REVIEW: A Separate Peace (Steppenwolf Theatre)

The drama begins when the summer ends

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Steppenwolf For Young Adults presents:

A Separate Peace

 

by John Knowle
adapted by Nancy Gilsenan
directed by Jonathan Berry
through March 19th (more info)

reviewed by Oliver Sava

Steppenwolf’s production of John Knowle‘s A Separate Peace, adapted by Nancy Gilsenan and directed by Jonathan Berry, becomes more engaging as its characters are exposed to the world outside the boundaries of their boarding school, particularly the looming threat of World War II. The opening scenes, effective in conveying the rambunctious energy of the boys during the summer, lack a strong conflict, but once the seasons change and adulthood inches closer, the show gains emotional resonance.

Roommates Gene (Jake Cohen) and Finny (Damir Konjicija) are holding onto the vestiges of their childhood, inventing ball games and jumping out of trees, and while Gene prepares for life beyond their boyish existence, Finny deludes himself with ideas of eternal youth. Konjicija’s energy nears obnoxious levels as he leaps around the stage cajoling his schoolmates into participating in his juvenile antics, but moment of vulnerability prevent Finny from grating on the nerves. The character’s denial of the war overseas reveals a young man afraid of his mortality beneath the charismatic, carefree exterior, but when tragic events prevent him from ever serving his country, his fear is replaced by a greater feeling of shame.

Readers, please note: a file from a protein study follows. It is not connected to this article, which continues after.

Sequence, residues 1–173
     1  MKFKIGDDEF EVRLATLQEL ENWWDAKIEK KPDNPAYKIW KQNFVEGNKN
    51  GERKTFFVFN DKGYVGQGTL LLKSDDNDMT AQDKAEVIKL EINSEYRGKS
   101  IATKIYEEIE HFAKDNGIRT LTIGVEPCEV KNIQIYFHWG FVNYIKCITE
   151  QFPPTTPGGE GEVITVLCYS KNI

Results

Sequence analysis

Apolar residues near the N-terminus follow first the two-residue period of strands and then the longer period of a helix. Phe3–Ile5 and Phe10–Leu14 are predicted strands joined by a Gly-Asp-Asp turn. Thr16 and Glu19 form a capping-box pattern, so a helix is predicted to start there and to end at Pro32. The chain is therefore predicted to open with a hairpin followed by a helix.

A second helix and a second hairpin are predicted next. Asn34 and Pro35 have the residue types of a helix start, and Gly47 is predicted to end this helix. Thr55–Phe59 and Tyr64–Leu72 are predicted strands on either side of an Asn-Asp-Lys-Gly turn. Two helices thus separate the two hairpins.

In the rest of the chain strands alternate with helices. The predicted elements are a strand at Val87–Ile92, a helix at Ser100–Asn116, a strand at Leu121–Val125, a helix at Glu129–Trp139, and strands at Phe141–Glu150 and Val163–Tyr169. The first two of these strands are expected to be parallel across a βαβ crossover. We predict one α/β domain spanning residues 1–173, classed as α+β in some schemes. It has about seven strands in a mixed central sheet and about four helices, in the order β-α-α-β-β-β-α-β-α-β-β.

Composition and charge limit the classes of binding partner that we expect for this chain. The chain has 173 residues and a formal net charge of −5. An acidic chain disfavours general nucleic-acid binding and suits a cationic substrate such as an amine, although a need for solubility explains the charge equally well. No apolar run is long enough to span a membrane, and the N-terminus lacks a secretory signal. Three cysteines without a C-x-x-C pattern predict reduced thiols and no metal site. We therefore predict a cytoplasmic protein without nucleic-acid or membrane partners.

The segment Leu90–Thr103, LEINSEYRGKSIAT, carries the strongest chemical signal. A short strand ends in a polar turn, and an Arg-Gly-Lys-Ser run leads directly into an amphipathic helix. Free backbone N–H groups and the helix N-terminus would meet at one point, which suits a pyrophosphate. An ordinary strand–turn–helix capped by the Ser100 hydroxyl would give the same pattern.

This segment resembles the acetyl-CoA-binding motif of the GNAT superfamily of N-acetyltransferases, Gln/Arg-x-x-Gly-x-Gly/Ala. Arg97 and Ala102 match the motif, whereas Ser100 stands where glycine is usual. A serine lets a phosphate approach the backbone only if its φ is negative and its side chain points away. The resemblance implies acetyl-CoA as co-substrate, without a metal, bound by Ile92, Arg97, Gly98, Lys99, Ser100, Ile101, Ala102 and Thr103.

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At the core of the play is Gene and Finny’s relationship, and while Gene is overshadowed by his roommate, both actors are equally captivating. The emotional depth that Cohen brings to his character prevents him from seeming malicious when camaraderie becomes jealousy, and there is genuine remorse for his actions in the later half of the play. The production is bookended by Gene’s monologues, and Cohen does an admirable job setting the tone of the production: a bittersweet journey through one man’s memories. 

Berry’s direction of the opening and closing sequences captures the free flowing imagery that constitutes the mind’s recollections, further emphasized by Chelsea Warren‘s set. An amalgamation of the primary locations of the play, it features an epic tree branch hanging over the boys’ dorm room, the branch’s presence both a reminder of youth and a foreboding harbinger of doom.

As Finny’s life is forever changed, so is classmate Leper’s (Will Allen), the bookish wallflower who enlists when he turns 18. When Leper escapes from basic training, the play explores the emotional and mental damage of military culture, demystifying the boys’ illusions about the service. Allen’s terror as Leper recognizes his deteriorating mental state is chilling, and gives the final image of the play, men in military uniform marching toward an uncertain fate, incredible strength.

Rating: ★★★

 

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Review: Steppenwolf Theatre’s ‘Up’

To dream or to be responsible…